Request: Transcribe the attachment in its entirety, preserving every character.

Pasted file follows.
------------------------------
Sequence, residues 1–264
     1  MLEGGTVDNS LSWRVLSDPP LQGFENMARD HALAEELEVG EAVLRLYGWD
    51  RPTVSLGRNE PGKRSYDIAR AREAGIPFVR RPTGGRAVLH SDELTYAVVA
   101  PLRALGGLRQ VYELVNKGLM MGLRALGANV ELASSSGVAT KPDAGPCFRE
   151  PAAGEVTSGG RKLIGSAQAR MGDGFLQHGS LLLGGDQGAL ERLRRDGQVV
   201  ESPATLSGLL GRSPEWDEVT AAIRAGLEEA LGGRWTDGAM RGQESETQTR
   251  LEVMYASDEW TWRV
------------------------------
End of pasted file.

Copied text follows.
Sequence, residues 1–264
     1  MLEGGTVDNS LSWRVLSDPP LQGFENMARD HALAEELEVG EAVLRLYGWD
    51  RPTVSLGRNE PGKRSYDIAR AREAGIPFVR RPTGGRAVLH SDELTYAVVA
   101  PLRALGGLRQ VYELVNKGLM MGLRALGANV ELASSSGVAT KPDAGPCFRE
   151  PAAGEVTSGG RKLIGSAQAR MGDGFLQHGS LLLGGDQGAL ERLRRDGQVV
   201  ESPATLSGLL GRSPEWDEVT AAIRAGLEEA LGGRWTDGAM RGQESETQTR
   251  LEVMYASDEW TWRV